It is, manifestly, faith in God as having the right to command our obedience.
He has a greater claim upon our ardent service than he has upon the services of angels; for, while they were created as we have been, yet they have never been redeemed by precious blood.
Our glorious Incarnate God has an unquestioned right to every breath we breathe, to every thought we think, to every moment of our lives, and to every capacity of our being.
This loyalty of our mind is based on faith, and is a chief prompter to obedience.
[W]e must have faith in the rightness of all that God says or does.
If the Lord be God, he must be infallible; and if he can be described as in error in the little respects of human history and science, he cannot be trusted in the greater matters.
The words of the Lord are like fine gold, pure, precious, and weighty—not one of them may be neglected. We hear people talk about “minor points,” and so on; but we must not consider any word of our God as a minor thing, if by that expression is implied that it is of small importance.
We must accept every single word of precept, or prohibition, or instruction, as being what it ought to be, and neither to be diminished nor increased. We should not reason about the command of God as though it might be set aside or amended. He bids: we obey.
[W]e must have faith in the Lord’s call upon us to obey.
We, who are his chosen, redeemed from among men, called out from the rest of mankind, ought to feel that if no other ears hear the divine call, our ears must hear it; and if no other heart obeys, our soul rejoices to do so.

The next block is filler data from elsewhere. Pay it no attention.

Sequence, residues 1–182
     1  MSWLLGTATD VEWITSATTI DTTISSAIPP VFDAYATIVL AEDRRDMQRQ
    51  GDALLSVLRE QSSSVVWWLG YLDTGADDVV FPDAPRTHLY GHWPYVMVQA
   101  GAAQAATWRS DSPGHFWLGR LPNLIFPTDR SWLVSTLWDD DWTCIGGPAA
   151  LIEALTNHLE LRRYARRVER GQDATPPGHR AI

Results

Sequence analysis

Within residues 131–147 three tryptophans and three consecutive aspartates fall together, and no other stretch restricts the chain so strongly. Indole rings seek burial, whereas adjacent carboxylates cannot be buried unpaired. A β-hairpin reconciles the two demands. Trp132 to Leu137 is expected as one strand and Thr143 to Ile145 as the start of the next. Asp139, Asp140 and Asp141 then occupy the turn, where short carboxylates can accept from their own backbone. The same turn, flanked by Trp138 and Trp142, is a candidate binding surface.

Obedience arises out of a faith which is to us the paramount principle of action.
The true believer believes in God beyond all his belief in anything else, and everything else. He can say, “Let God be true, but every man a liar.” His faith in God has become to him the crown of all his beliefs; the most assured of all his confidences.
Obedience has become as much his rule as self-will is the rule of others.
We must have faith in God’s right to rule, faith in the rightness of his commands, faith in our personal obligation to obey, and faith that the command must be the paramount authority of our being.
Dear friend, have you this kind of faith?
Have I that faith which leads me to obey my God?
For obedience, if it be of the kind we are speaking of, is faith in action—faith walking with God, or, shall I say, walking before the Lord in the land of the living?
If we have a faith which is greedy in hearing, severe in judging, and rapid in self-congratulation, but not inclined to obedience, we have the faith of hypocrites.
If our faith enables us to set up as patterns of sound doctrine, and qualifies us to crack the heads of all who differ from us, and yet lacks the fruit of obedience, it will leave us among the “dogs” who are “‘without.”
The faith that makes us obey is alone the faith which marks the children of God.
It is better to have the faith that obeys than the faith which moves mountains. I would sooner have the faith which obeys than the faith which heaps the altar of God with sacrifices, and perfumes his courts with incense.
I would rather obey God than rule an empire; for, after all, the loftiest sovereignty a soul can inherit is to have dominion over self by rendering believing obedience to the Most High.
Thus much upon faith. “By faith Abraham obeyed;” and by faith only can you and I obey.
Charles Haddon Spurgeon, from the sermon The Obedience of Faith, delivered on August 21st, 1890, at the Metropolitan Tabernacle, Newington